Tuesday, April 3, 2012

Y doesn’t necessarily mean Yes

As readers of this blog know, I am keenly interested in the Texas Closed Formulary (TCF) and the effect those rules have on treatment and prescription behavior.  My January 2012 whitepaper documented a more than 50% reduction in the use of “N” drugs (as classified by ODG’s Work Comp Drug Formulary) for claims requiring preauthorization on dates of injury on or after 9/1/11.  Other sources subsequently documented similar or even greater reduction in the use of “N” drugs for new injuries.

Since February I have been seeking input as to what is happening with that 50% not using “N” drugs.  There is no consensus but many theories, including:
  1. Switching to more conservative therapy
  2. Switching to “Y” drugs
  3. Switching to interventional methods like injections or nerve blocks
  4. Cost shifting to the injured worker’s group health policy or Medicare/Medicaid
  5. Injured worker paying for the drugs themselves
  6. It was a statistical anomaly that will even out over time
After attending two conferences last week, I get the feeling that option 2 (switching to “Y” drugs) is largely misunderstood by non-clinical people in Work Comp.  I have even heard of physicians asking the DWC to tell them what “Y” drugs they can prescribe instead of the “N” drugs.  In this particular case, “Y’ does not equal “Yes”.

The ODG drug formulary applied a Status of “N” if the drug is not recommended as first-line treatment and preauthorization is recommended to assess their appropriateness and necessity.  A drug with a status of “Y” is a preferred drug for first-line therapy.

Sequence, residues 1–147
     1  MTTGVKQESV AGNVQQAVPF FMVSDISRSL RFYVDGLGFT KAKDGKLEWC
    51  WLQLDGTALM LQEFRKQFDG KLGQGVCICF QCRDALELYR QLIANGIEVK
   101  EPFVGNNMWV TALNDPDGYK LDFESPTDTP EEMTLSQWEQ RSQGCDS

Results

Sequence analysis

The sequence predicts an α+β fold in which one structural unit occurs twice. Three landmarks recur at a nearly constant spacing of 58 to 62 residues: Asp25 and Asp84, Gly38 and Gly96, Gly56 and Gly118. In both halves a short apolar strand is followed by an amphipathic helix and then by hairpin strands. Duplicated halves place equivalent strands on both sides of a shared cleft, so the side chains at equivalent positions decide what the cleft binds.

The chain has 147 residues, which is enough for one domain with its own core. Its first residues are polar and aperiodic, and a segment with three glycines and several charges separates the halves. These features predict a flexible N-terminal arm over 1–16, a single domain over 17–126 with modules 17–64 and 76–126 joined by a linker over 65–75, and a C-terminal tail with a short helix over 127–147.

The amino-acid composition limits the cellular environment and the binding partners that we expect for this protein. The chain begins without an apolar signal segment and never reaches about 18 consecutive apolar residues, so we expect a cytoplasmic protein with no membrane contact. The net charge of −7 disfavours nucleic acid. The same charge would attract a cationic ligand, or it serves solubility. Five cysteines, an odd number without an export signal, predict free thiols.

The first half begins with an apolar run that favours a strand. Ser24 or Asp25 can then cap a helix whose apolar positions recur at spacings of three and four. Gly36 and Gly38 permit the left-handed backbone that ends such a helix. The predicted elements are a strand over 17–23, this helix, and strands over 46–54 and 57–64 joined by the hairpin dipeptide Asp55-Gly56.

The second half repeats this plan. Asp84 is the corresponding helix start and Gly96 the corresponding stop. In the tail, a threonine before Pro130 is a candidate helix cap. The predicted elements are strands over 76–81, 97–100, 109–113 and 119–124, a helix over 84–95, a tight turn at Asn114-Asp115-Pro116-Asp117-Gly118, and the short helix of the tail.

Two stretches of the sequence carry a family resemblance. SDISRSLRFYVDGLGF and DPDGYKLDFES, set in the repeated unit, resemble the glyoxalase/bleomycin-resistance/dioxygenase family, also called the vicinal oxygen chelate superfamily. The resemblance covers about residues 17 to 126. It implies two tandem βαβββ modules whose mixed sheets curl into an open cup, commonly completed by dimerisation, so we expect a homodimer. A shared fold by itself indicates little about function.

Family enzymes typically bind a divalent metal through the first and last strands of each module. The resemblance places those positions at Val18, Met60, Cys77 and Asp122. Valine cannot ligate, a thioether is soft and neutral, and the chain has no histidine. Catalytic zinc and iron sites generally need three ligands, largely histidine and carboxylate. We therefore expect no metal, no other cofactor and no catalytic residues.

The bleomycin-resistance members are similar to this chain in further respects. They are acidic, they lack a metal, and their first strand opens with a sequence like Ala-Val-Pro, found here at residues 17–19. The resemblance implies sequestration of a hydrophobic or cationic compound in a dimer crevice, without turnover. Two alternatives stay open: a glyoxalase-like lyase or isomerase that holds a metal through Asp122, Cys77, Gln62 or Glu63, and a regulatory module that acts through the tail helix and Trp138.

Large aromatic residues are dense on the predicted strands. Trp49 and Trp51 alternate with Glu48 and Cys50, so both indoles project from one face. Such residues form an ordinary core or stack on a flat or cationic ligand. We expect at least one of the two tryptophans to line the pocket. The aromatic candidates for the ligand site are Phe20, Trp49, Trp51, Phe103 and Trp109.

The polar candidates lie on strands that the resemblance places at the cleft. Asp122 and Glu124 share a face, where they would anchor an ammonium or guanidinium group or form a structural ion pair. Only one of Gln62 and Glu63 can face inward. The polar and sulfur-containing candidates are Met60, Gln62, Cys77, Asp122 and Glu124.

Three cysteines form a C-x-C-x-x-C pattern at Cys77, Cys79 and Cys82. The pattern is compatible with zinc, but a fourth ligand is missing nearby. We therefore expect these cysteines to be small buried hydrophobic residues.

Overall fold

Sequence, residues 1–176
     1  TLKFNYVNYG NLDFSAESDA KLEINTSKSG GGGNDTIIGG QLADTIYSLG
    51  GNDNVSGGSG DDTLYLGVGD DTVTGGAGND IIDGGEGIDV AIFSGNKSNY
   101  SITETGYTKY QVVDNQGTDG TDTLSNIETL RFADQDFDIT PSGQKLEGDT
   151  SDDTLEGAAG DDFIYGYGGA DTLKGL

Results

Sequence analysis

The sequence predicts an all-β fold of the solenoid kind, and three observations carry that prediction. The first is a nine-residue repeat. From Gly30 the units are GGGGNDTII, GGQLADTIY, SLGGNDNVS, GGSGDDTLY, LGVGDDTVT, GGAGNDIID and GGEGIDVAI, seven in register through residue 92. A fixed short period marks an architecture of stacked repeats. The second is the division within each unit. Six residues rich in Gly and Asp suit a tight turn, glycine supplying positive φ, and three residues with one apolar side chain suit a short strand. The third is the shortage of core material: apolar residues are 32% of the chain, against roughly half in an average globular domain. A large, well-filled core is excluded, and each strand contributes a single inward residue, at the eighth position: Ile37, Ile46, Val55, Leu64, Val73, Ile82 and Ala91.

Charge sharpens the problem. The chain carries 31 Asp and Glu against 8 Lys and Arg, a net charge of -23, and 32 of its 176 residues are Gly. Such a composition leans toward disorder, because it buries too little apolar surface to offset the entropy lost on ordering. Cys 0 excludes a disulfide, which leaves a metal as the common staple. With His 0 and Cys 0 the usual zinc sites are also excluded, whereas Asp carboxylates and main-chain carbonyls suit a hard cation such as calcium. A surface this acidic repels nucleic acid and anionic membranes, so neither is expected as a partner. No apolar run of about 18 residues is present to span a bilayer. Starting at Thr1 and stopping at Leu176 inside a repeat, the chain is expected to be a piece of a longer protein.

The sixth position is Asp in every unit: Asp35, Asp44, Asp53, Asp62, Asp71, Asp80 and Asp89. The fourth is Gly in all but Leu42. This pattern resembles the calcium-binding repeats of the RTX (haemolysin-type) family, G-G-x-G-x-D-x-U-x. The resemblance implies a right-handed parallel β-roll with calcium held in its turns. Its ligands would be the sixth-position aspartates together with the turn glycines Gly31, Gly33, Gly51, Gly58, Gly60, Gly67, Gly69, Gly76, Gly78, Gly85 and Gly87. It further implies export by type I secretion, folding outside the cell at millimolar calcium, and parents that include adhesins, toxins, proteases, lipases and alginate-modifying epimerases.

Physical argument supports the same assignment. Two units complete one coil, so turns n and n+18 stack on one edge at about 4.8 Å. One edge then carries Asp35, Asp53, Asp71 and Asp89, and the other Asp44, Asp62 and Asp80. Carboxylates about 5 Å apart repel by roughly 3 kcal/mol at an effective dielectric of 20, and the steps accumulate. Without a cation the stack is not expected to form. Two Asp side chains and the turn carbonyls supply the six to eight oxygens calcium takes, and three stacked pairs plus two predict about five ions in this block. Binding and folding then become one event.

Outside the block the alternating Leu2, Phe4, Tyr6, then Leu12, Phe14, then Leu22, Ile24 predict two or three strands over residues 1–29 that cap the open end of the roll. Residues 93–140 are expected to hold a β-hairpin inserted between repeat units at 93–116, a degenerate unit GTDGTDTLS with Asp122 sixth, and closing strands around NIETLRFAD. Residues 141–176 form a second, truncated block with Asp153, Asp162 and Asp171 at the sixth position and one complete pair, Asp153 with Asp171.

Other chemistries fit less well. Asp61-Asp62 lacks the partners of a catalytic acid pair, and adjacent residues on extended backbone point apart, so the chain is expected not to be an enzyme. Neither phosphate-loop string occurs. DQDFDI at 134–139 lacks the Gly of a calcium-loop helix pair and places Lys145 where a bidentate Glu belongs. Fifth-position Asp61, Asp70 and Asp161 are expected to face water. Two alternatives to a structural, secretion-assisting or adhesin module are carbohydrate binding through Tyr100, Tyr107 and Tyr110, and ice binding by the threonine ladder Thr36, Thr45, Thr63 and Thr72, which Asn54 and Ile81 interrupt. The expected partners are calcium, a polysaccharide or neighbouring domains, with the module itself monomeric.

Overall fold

For example, all benzodiazepines (alprazolam, clonazepam, diazepam, lorazepam, temazepam, etc.) have an “N” status.  All non-prescription analgesics (acetaminophen, ibuprofen, naproxen) have a “Y” status.  For oxycodone opioids, OxyIR is a “Y” while Oxecta (recommended for patients with risk of abuse but not as first-line therapy for other patients) and OxyContin (second-line therapy due to issues of abuse and Black Box FDA warnings) are “N”.  But just because OxyIR is “Y” doesn’t mean it is medically appropriate as it still needs to meet the criteria of opioid treatment (conservative therapies and less potent analgesics were unsuccessful in controlling pain, risk management pre-screening has been completed for opioid use, etc.).

Other opioids that are “Y” include Suboxone (Buprenorphine), Codeine, Duragesic (Fentanyl) patches, Vicodin and Lortab (Hydrocodone/APAP), Dilaudid (Hydromorphone), Levo-Dromoran (Levorphanol), Morphine, Embeda (Morphine ER), Percocet (Oxycodone/APAP), Ultram (Tramadol), Ultracet (Tramadol/APAP).  If you have been involved in Work Comp, you probably recognize many of these drugs, and probably question their use in cases.  And that is my point.  Just because the drug is a “Y” in ODG, or not included in ODG’s formulary (i.e. non-FDA approved), does not mean they are automatically medically appropriate.

In this together – Mark

On Twitter @PRIUM1

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